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Relevant Truths/Doctrines  Worship  Spirituality  Truth  Spiritual Battle  Unity  Spiritual Maturity  Submission.

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Presentation on theme: "Relevant Truths/Doctrines  Worship  Spirituality  Truth  Spiritual Battle  Unity  Spiritual Maturity  Submission."— Presentation transcript:

1 Relevant Truths/Doctrines  Worship  Spirituality  Truth  Spiritual Battle  Unity  Spiritual Maturity  Submission

2 Music and Worship I.References II.Technical Development A. Musicology B. Beauty C. Physiology of Music III.Biblical Development A. Directive/Descriptive/Principle B. Textual Exposition IV.Sacred Music—Standards and Hymnody V.FAQs VI.Summary/Conclusion

3 Standards A.Content B.Arrangement C.Instrumentation

4 Arrangement A.Melodious B.Complementary of Content C.Edifying (vs. Entertaining) D.Emotions-sanctifying (vs. Emotions-indulging/inciting/inflaming)

5 “Over the past half century, a subtle change has taken place in local churches: the sanctuary has become a theater, ministry has become performance, worship has turned into entertainment ('a fun time'), and applause, not the glory of God, has become the measure of success. In short, the 'worship of God' is no longer taken seriously by many of God's people, and so subtly has the change occurred that, like a frog in a kettle, we haven't even noticed what's happened. Churches still use the word worship but its meaning has changed. Too often 'worship' is only a word people use to give religious respectability to whatever they've planned for the congregation to do on Sunday morning, whether God is the focus of the meeting or not.” pg. 170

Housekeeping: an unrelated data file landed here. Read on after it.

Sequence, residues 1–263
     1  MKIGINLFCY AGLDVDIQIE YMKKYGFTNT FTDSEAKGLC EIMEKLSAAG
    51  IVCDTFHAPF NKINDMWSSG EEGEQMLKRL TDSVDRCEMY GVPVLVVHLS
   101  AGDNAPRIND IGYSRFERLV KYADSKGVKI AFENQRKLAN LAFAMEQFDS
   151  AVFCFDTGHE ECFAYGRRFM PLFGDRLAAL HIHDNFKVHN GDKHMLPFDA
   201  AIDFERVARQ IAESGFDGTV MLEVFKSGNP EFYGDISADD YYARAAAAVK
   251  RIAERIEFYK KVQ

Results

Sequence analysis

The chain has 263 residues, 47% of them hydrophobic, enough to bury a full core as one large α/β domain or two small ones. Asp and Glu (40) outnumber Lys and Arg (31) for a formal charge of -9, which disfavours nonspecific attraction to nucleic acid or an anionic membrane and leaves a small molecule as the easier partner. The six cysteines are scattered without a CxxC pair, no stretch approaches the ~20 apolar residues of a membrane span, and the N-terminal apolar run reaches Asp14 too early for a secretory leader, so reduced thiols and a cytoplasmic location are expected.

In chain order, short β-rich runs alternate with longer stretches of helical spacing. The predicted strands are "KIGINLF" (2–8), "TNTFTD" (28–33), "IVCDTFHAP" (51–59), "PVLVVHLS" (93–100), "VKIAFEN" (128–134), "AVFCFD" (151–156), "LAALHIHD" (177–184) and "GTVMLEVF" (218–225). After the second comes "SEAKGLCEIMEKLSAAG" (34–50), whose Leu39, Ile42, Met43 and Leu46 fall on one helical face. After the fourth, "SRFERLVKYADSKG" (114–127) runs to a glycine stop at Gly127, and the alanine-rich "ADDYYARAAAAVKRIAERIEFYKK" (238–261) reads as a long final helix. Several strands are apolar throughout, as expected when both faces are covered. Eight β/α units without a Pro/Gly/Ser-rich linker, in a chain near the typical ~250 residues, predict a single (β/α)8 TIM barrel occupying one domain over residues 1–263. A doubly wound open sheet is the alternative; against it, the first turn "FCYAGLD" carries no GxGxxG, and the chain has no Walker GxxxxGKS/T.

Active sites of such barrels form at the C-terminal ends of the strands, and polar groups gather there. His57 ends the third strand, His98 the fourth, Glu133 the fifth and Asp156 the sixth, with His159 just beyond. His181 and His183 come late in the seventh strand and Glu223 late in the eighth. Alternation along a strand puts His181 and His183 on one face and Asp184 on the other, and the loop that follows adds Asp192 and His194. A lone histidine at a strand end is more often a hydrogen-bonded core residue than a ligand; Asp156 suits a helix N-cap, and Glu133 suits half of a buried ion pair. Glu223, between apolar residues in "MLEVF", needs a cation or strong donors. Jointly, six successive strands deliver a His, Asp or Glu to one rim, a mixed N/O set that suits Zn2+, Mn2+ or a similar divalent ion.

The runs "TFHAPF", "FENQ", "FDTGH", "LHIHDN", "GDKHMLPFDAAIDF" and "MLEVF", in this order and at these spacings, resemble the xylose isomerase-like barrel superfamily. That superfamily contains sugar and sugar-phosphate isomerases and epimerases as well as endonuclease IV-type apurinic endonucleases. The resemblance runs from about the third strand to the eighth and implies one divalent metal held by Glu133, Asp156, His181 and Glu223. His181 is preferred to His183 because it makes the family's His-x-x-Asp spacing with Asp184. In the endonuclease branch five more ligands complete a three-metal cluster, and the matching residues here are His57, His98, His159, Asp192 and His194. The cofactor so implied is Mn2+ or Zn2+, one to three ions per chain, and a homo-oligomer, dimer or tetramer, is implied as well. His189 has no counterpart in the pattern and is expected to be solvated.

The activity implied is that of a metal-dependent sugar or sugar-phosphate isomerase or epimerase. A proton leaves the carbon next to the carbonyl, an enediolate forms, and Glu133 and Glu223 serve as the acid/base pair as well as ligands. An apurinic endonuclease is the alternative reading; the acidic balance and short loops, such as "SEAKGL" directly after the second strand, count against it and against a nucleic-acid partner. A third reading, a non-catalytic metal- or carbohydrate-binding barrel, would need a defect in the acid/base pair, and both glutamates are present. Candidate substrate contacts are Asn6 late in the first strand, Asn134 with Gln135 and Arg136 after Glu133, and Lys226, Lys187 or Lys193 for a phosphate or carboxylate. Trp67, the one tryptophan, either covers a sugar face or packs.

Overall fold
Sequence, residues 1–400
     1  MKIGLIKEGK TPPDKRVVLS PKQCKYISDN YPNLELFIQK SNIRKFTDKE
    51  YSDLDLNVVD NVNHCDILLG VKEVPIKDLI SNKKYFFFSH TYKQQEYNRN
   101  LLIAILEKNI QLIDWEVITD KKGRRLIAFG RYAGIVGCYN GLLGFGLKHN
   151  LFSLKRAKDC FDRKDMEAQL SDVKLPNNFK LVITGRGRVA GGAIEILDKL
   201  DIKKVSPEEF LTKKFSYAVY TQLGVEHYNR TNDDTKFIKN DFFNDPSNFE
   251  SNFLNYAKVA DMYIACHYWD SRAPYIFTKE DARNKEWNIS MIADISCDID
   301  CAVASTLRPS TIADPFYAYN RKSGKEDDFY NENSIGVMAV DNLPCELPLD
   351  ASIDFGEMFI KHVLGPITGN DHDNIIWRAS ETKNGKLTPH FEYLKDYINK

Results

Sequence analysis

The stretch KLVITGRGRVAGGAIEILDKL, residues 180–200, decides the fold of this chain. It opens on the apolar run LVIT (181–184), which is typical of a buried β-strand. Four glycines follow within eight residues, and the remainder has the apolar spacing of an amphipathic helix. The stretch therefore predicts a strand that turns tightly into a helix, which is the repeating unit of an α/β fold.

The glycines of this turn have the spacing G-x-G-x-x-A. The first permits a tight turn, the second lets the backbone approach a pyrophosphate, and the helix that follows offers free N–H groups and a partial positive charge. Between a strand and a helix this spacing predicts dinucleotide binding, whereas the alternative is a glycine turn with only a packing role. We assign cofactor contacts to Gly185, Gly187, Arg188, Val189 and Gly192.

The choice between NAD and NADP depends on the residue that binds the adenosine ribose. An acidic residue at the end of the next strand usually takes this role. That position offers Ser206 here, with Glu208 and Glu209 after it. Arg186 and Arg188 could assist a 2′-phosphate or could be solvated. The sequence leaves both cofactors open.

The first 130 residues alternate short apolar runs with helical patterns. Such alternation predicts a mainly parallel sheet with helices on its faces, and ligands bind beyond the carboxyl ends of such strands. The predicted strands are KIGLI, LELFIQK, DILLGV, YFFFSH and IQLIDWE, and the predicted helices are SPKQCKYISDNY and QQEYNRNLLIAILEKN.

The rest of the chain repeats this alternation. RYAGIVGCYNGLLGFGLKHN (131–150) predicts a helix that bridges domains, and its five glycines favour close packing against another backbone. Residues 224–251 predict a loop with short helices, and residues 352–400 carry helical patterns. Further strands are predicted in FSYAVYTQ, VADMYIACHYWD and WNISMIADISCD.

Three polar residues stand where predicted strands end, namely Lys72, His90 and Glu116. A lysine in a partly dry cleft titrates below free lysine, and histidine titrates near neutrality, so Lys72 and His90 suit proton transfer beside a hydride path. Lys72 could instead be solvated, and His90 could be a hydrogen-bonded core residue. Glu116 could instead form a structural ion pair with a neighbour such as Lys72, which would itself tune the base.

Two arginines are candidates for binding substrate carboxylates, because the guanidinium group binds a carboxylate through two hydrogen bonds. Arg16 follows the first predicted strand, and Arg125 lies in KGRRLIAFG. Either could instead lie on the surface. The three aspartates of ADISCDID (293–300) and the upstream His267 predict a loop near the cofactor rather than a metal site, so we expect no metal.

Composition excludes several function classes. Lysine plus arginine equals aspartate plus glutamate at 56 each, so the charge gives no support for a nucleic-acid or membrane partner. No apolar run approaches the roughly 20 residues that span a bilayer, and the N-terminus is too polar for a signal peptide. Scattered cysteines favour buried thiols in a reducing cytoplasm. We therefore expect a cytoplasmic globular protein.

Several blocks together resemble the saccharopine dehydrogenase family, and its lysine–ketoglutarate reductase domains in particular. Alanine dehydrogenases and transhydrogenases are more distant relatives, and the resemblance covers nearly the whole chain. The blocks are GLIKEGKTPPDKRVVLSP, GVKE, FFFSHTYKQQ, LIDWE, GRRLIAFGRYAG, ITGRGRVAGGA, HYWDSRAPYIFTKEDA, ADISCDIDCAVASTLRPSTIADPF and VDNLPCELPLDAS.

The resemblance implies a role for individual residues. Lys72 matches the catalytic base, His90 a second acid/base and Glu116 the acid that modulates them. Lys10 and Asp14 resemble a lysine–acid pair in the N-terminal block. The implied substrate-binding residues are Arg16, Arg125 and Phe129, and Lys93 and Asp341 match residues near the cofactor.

6 From Sanctuary to Theater From Congregation to Audience From Ministry to Performance From Worship to Entertainment From Glorifying God to Applauding His Servants

7 From Sanctuary to Theater From Congregation to Audience From Ministry to Performance From Worship to Entertainment From Glorifying God to Applauding His Servants

8 “No matter what the surroundings, a sanctuary is a place where people gather to worship and glorify their Lord. Depending on the attitudes of and aims of the worship leaders and the congregation, a church edifice can be turned into a theater—or a dance hall can become a temporary cathedral.” pg. 171

9 From Sanctuary to Theater From Congregation to Audience From Ministry to Performance From Worship to Entertainment From Glorifying God to Applauding His Servants